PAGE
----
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Newest Member: Time2go

Wayward Side :
Cyber Affair

Topic is Sleeping.
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 Avi8or (original poster new member #82971) posted at 10:17 PM on Monday, February 27th, 2023

Hi, I am new here and looking for advice, comfort, anything. I’m really struggling. About 8 months ago, I engaged in an online/cyber affair with a remote co-worked I’ve never met. After it went way too far (photos, sexting, sharing feelings, etc), I told my AP what we were doing was wrong and I loved my husband. I also confessed to my husband what happened about a month after I ended all contact with the AP.

He was extremely hurt, but wanted to rebuild together. Things have been great, and we now even have our first child on the way. We share feelings more and spend a lot more time together. I feel like I help manage triggers and give him space to share his emotions. However, I can’t seem to even begin to forgive myself or move on. I feel like I’m living in constant doom from my mistake. I feel like I’m unworthy of my husbands love, and that I don’t deserve a good life with him.

Looking back after a bit of therapy, I realized my AP was a predator. He is 25 years older than me and kept roping me back in, even after I told him multiple times I felt uncomfortable. He encouraged my behavior by telling me I was just having fun and sharing a deep friendship or connection, and that life was too short, blah blah blah. There was a lot of love bombing going on it pulled me in. I’m angry with myself for being so naive. He’s also married and I feel horrible for being "the other woman". I feel terrible for his wife!

I don’t want to use any of this as an excuse for my behavior, but I’m so angry I let myself give into this. I feel like my marriage was darn near perfect before all of this happened. Now I want to die out of shame, guilt, embarrassment and seeing the hurt I caused my husband. I’m also worried my AP became a bit obsessed and might be stalking me. I blocked him on every form of social media and left my job (even though he’d also left the job a week prior). Before my last day, he’d gone out of his way to email my work email saying happy birthday. It really made me uneasy, since I told him I didn’t want to talk to him anymore. It’s been silence for 8 months until this past week, I saw he searched for me on LinkedIn. For some reason this sent me into a huge spiral again. It feels like I’m starting over with recovery and I’m also really scared he’s going to find me in person or find a way to contact me.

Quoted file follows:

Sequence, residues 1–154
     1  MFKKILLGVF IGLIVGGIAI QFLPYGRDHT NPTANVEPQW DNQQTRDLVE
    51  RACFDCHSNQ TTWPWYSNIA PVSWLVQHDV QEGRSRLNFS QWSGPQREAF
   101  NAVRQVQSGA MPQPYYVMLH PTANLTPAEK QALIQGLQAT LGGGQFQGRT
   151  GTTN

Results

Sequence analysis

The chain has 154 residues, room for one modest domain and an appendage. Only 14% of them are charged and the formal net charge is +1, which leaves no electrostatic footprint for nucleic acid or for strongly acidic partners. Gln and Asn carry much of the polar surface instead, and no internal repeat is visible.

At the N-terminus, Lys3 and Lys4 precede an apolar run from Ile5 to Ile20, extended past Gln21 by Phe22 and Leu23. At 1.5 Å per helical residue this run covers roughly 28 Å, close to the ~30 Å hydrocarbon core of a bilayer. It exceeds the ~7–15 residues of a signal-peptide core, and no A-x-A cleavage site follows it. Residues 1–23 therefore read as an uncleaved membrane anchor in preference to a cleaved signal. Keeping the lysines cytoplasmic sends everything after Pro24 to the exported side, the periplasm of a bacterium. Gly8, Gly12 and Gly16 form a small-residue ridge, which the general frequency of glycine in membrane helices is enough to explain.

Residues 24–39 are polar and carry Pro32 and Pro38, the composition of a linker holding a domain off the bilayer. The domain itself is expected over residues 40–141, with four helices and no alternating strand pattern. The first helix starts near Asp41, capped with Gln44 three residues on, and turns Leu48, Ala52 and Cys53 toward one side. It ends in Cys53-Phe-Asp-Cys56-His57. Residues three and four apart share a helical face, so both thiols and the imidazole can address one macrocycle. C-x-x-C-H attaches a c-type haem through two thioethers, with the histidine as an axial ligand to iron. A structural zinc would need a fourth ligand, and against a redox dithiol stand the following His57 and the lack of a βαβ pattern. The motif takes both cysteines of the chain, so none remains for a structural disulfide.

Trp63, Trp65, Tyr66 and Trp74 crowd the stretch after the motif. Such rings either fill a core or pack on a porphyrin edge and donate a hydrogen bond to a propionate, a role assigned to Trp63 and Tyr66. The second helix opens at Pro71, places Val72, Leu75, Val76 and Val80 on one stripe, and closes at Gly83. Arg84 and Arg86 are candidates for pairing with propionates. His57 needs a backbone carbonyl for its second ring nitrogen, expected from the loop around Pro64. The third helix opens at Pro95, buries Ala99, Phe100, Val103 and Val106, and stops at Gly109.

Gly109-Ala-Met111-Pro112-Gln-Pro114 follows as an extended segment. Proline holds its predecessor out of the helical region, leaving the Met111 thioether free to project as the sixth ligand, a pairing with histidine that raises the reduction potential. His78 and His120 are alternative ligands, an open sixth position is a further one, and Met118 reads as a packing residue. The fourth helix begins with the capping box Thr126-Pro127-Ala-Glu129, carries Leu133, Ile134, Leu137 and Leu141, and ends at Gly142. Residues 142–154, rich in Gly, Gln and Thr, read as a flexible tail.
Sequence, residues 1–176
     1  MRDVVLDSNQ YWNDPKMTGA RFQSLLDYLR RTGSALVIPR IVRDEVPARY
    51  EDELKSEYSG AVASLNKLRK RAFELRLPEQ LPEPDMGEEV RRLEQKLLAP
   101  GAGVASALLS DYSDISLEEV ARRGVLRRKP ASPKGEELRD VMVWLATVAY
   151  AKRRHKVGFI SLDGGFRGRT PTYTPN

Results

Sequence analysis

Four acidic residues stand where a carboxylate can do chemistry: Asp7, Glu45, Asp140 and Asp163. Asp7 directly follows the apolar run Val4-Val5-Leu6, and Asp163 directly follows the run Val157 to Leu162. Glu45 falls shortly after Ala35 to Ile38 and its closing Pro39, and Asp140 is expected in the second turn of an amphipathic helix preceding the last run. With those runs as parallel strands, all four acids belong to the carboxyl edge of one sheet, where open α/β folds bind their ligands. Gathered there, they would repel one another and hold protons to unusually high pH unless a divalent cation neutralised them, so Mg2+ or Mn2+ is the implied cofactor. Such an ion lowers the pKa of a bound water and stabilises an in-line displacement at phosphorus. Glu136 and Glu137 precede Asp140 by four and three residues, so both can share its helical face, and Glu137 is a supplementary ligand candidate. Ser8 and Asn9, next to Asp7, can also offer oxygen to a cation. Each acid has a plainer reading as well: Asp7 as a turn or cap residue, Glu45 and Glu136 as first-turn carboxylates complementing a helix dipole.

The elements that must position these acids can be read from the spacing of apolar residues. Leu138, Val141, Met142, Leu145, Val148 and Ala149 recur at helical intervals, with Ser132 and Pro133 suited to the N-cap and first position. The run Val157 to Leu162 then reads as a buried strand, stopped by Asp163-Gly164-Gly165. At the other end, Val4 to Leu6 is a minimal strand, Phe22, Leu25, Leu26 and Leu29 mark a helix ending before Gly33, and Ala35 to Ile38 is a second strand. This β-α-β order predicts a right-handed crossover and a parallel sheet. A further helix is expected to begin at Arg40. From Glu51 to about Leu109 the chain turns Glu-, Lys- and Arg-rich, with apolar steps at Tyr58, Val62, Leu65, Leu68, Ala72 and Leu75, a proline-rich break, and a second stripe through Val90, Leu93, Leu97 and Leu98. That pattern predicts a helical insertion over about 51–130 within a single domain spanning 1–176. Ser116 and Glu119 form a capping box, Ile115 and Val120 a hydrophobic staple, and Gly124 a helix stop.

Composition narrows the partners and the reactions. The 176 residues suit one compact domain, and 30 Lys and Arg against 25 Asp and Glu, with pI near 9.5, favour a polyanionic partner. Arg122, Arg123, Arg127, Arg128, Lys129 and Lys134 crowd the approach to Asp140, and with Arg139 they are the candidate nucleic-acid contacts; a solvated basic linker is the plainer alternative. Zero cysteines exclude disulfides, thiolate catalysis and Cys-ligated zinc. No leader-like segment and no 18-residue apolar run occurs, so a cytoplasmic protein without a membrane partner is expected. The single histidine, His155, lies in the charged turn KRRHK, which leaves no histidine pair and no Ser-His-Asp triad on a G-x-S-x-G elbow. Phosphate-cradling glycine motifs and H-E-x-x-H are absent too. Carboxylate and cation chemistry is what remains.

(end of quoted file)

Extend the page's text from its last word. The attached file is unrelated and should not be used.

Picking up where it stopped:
I can’t afford any further therapy, although I know I need it. I just feel so helpless and that nothing will ever be okay again. I love my husband and I want things to work, but how do I ever feel worthy of such an amazing spouse after I betrayed them? I feel like posting on here might help me a bit in the meantime.

posts: 1   ·   registered: Feb. 27th, 2023
id 8779677
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DaddyDom ( member #56960) posted at 1:02 AM on Tuesday, February 28th, 2023

Avi8or,

There is an old joke. A man walks into the doctor's office and says, "Hey Doc, it hurts when I do 'this'...". The doctor replies, "So don't do that".

It is easy, and common, to get stuck in a place of self-loathing after infidelity. And that's a good thing, to a point. Honest self-reflection can be a great catalyst for change. The problem comes in when we start to identify as the worthless, horrible people that we feel like. As horrible as it may feel, the guilt and shame of infidelity can become like a blanket to a WS. If we just label ourselves as "bad people" and then live up to that definition, then there is no need for actual self-reflection, change and growth. Living in shame puts the focus back on ourselves, and allows us to keep putting ourselves before others. Shame and guilt do nothing to help or heal the people we hurt, they only hurt ourselves. In order to heal ourselves, and in so doing, open the door to others to heal as well, we must stop living in shame and guilt, and do something to restore our own self-respect instead. We cannot love others unless we love ourselves first. A tall order, I know. But it can be done.

You got to the point of feeling this way by doing things that made you feel shitty about yourself. You lied. You deceived. You betrayed. You broke a vow. The one person whose back you were supposed to protect, you instead stuck a knife into. We all did. And figuring out how we got ourselves to that point is paramount. It's good you've been working with a therapist. Once we understand WHY (and I don't mean the excuses we told ourselves, but the REAL reasons that we debased ourselves) we cheated, then we can take steps to change in order to be safer partners in the future.